Love, forgiveness, and compassion are the only ways out of the Mumbai Riots’ sullied legacy, according to the film. At first glance, it’s hard to tell the difference between this and the movie Hotel Rwanda.
Slumdog Millionaire’s soundtrack was composed by MR A R Rahman, who has since become a well-known global music composer and received an Oscar for his work on the film.
Despite the fact that Bombay was not shot in Mumbai, but rather in the southern Indian city of Chennai, it was a huge success. Both the indoor and outdoor shots were shot in Tamil Nadu and Kerala.
10. The Lunch Box
An unusual love tale set in the bustle of Mumbai, a city of nearly 18 million people, and which came about due to human error.
It tells the story of a woman who chooses to insert love notes in her husband’s lunch box, which is delivered to him every day by a Dabbawala.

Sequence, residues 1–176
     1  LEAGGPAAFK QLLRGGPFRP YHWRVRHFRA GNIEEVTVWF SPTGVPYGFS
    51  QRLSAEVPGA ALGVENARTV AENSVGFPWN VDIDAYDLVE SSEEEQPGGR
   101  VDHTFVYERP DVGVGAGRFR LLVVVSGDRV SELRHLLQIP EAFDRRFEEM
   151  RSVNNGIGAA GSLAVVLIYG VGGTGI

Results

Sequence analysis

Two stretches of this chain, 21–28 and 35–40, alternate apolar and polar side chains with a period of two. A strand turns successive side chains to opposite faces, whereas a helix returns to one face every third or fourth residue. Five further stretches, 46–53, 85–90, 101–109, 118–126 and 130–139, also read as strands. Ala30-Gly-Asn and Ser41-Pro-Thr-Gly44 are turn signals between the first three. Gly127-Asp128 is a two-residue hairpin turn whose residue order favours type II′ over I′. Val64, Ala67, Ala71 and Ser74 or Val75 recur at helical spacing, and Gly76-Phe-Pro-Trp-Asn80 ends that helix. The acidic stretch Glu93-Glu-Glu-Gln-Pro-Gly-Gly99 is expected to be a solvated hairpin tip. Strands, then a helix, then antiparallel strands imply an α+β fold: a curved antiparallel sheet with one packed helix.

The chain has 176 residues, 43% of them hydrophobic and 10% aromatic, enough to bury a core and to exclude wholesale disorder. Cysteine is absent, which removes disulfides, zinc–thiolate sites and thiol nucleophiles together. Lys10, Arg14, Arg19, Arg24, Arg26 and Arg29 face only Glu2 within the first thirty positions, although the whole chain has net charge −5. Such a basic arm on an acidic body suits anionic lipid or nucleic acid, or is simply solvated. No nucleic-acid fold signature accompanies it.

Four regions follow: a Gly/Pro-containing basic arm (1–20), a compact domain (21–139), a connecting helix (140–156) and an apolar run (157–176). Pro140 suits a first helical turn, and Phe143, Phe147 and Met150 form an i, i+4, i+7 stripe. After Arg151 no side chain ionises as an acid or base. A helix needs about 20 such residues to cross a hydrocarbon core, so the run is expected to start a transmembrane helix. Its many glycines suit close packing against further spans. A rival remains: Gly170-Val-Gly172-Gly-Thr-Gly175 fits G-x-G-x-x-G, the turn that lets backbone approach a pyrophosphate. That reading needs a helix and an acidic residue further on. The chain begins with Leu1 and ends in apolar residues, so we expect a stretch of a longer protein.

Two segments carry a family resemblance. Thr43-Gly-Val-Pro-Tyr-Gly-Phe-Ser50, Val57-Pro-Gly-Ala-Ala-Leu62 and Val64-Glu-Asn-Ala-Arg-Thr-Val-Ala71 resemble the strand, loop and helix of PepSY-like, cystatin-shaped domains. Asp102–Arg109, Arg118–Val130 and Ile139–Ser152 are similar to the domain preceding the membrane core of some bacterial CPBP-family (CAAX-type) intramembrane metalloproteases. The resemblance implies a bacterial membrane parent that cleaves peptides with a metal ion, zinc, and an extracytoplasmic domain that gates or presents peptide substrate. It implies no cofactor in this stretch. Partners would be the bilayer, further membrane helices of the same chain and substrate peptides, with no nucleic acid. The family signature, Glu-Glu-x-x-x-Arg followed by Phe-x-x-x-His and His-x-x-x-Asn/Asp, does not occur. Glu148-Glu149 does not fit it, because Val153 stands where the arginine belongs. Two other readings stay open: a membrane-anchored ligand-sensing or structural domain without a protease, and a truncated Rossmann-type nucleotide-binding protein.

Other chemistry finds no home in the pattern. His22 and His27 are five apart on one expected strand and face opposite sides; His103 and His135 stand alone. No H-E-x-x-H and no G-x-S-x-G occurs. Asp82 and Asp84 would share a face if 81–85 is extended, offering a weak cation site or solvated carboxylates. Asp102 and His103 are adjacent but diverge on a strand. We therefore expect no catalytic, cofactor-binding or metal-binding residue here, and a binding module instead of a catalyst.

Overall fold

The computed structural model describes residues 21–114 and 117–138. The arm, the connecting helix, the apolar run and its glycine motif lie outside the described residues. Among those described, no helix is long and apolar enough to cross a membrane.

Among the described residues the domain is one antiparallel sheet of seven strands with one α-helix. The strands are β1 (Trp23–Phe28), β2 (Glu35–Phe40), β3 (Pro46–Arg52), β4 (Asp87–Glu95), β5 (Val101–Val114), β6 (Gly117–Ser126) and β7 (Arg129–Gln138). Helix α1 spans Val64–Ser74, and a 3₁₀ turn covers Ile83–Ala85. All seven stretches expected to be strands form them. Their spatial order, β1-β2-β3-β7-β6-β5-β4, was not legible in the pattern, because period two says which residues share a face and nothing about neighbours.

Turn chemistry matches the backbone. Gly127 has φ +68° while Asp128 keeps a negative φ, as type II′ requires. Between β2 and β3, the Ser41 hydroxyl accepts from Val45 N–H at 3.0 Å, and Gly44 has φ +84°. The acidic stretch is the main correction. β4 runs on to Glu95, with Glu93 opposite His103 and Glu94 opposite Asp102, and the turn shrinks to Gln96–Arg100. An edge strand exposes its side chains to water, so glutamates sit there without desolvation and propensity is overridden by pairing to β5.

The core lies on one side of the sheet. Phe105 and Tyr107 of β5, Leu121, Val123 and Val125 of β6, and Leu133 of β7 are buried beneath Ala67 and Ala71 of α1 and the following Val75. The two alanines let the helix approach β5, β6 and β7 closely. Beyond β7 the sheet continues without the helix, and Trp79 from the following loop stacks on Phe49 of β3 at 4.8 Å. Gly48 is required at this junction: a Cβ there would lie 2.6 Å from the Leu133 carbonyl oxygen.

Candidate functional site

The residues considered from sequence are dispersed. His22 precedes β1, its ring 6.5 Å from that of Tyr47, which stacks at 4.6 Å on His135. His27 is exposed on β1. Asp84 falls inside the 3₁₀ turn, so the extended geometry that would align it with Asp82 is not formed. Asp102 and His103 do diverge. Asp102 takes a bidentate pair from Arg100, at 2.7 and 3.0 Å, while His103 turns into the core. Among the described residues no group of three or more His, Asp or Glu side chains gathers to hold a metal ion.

By mistake, a widower receives his lunchbox, and he begins to respond to her letters in order to keep himself occupied and energized. They eagerly await one other’s responses every day.
Love and connection are themes that go through the film.
11. The Namesake
Adapted on a Pulitzer Prize-winning novel by Jhumpa Lari, The Namesake tells the story of a man who sets out on a journey to discover the significance of his family’s surname and reconnect with his Indian roots in the city of Kolkata.
After the abrupt death of his father, the main actor, who was born and reared in the United States, realizes that something is amiss.
After being embarrassed by his surname, Gogol goes out to discover what it means in India.
12. Rang de Basanti
Rang de Basanti is a film about the Indian revolutionaries who fought for independence from the British Raj.
When an English woman came to India to document Indian revolutionaries who were fighting against British authority, six of her modern-day companions stepped in to support her.
Filming locations for Rang de Basanti included the Golden Temple of Amritsar in Punjab, Jaipur, and Delhi.